Oh that dreaded feeling – after a long day at the office to get home and hear the question, “What’s for dinner? I’m starving.” If this makes you want to throw up your hands and run for cover, you may have already considered adding a meal delivery system to your routine. But is it worth the cost? Do the health benefits make up for it? Just like any subscription service, you should weigh your options and cost against your budget to help make your decision.

Meal kits are recipes and ingredients packaged up in the exact quantities, and can be shipped directly to your home (from companies such as Blue Apron, Home Chef or Plated). The key here is convenience, since in reality you can follow the traditional route of finding a recipe in a cookbook or online, making your grocery list, heading to the store to buy all the ingredients and making the meal from scratch. Meal kits package up this process by delivering the exact recipe (already tested out with beautiful/delicious pictures included), the exact amount of ingredients in one box, all delivered to your doorstep – usually for a monthly subscription charge.

If you think this sounds well worth it, you’re not alone. The US meal kit industry is about a $3 billion segment and saw YOY growth of about 22%, while expecting double-digit sales gains over the next several years. (1) The prices on a meal can range from $10 on up, but you have to be aware of any delivery charges and automatic billing cycles. Meal kits are certainly a healthier alternative than eating out (as shown by one study claiming restaurant food has more fat, cholesterol, sodium and calories than home-cooked meals), (2) but it is also no surprise they can get costly.

Dave Ramsey provides a breakdown of 3 meal kit recipes compared to buying the ingredients at the grocery store. Here is what he found: (3)

  • Chicken Sausage Pizza:
    o Grocery Store: $18.77 for four servings / $14.13 for two servings
    o Meal Kit Service: $39.96 for four servings / $19.98 for two servings
  • Meatloaf with Sweet Potatoes and Green Beans
    o Grocery Store: $26.81 for four servings / $20.24 for two servings
    o Meal Kit Service: $39.96 for four servings / $19.98 for two servings
  • Chicken Orzo with Zucchini and Tomatoes
    o Grocery Store: $22.30 for four servings / $17.17 for two servings
    o Meal Kit Service: $39.96 for four servings / $19.98 for two servings

It is clear that buying the ingredients from the store is consistently a better cost option than a meal kit service, but the variance depends on the recipe. For example, it is much more cost effective to buy and make the ingredients for a pizza but not as much for meatloaf (especially for only 2 servings!).

When weighing your options on whether a meal kit delivery service is right for you, keep in mind the type of meals you’re looking to add to your rotation. This could be an opportunity to try out some new food groups, recipes or cooking methods in the kitchen.

Another note on Dave Ramsey’s cost comparison is the difference between serving sizes. Even if you’re making dinner for 2, it can often be more cost effective to go with the serving size for 4 and keep the left-overs for the next day. That way, you can get 2 meals out of 1 without a huge difference in price.

Also don’t forget the ingredients. With a meal kit, you will receive the exact amount of ingredients needed for that particular recipe. If you buy the ingredients from the store, you’ll likely have left-overs you can use for something else (or to make that meal again in the near future). The cost analysis above doesn’t necessarily factor in the ingredient “serving size.” Also don’t forget, you’ll likely still need to go to the store to buy other necessities, so a meal kit delivery subscription will most likely not completely replace this errand, but rather supplement it.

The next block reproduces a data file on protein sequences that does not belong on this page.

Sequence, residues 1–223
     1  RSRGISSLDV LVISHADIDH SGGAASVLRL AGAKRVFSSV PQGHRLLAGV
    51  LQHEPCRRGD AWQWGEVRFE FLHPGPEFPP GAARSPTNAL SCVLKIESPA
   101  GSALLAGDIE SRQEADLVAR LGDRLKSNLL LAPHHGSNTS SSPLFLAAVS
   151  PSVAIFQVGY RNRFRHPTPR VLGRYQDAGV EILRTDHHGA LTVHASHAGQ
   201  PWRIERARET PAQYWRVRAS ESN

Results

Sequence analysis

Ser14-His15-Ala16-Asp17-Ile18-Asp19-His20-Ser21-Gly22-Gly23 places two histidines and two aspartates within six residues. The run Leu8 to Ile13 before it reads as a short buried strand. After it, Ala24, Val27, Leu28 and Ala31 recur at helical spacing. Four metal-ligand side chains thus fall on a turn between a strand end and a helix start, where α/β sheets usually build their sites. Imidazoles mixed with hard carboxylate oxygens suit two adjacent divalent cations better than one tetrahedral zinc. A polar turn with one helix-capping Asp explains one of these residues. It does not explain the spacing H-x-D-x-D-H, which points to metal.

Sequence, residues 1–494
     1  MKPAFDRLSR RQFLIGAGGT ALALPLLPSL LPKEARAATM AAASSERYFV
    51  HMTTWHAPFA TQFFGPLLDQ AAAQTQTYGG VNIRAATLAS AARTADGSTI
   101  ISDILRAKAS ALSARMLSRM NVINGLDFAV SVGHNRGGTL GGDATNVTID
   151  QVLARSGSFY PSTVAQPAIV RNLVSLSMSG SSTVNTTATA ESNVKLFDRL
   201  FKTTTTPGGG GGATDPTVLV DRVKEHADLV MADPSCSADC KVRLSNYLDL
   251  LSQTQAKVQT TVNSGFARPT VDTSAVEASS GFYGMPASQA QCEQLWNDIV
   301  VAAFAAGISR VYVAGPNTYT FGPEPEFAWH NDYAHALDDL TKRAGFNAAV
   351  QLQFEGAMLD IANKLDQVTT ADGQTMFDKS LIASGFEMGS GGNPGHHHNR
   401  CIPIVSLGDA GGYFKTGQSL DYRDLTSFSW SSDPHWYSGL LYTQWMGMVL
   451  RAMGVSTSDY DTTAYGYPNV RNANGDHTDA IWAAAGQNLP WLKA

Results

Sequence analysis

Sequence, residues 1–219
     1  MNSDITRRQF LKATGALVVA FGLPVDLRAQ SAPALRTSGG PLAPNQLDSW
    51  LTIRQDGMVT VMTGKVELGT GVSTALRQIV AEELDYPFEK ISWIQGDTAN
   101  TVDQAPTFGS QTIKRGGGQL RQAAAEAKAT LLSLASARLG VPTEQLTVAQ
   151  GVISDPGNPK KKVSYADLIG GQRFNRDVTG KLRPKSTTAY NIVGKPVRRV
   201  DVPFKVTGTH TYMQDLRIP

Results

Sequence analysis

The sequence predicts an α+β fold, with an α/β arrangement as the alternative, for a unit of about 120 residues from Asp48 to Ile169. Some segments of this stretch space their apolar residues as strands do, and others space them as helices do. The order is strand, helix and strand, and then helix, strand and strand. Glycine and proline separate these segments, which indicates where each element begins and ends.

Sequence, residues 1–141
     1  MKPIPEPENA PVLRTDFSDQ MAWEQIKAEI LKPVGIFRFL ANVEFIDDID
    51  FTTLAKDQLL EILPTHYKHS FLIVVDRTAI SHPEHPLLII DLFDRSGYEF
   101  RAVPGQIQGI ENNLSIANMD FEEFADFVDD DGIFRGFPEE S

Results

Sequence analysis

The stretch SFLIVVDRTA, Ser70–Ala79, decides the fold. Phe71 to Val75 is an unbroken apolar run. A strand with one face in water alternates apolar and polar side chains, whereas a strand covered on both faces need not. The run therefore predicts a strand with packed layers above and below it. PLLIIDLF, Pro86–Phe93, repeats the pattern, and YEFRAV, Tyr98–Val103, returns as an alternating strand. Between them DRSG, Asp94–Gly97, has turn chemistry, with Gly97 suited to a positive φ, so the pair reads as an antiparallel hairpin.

There is a ton of meal delivery kit options available so if this is something you’re looking to add to your weekly menu and budget, be sure to evaluate all of your choices. Some may have different food groups you’re interested in, while others may have a different cost structure. With so many different priorities and situations, it’s critical to find the one that’s best for you and your family.

But wait – there’s another option if you really don’t feel like turning on that stove. Meal delivery services such as Uber Eats, GrubHub or Door Dash are also changing the game on the “what’s for dinner” question. On those nights when you just don’t feel like cooking, the traditional route would be to just order take-out and call it a night. But now with food delivery apps, you can order almost anything right from your phone, all for a minimal delivery fee (and typically pretty quick).

Although meal delivery is still a relatively new market, meal delivery platforms have hit $120 billion in gross food sales globally (being led by China, with 64% of global market share), and most meal delivery companies are growing at a rate of 40%+ each year. (4)

The takeaway here is that in our fast-paced, on-the-go, mobile-centric society, you have many options on how you can go about your meal prepping. But before you sign up, make sure you weigh your priorities to find the best meal option for you. Depending on whether you’re looking for nutritional benefits, cost savings or experimenting with some new dishes in the kitchen, you can almost always find a good fit.

No more boring weekday meals - now you have countless options to maximize convenience, nutrition and enjoyment in preparing those dinners. Happy Cooking!

(1) https://www.supermarketnews.com/online-retail/meal-kit-players-adapt-changing-market
(2) https://www.moneyunder30.com/meal-delivery-comparison
(3) https://www.daveramsey.com/blog/meal-delivery-service-worth-it
(4) https://ark-invest.com/research/food-as-a-service-the-3-trillion-meal-delivery-market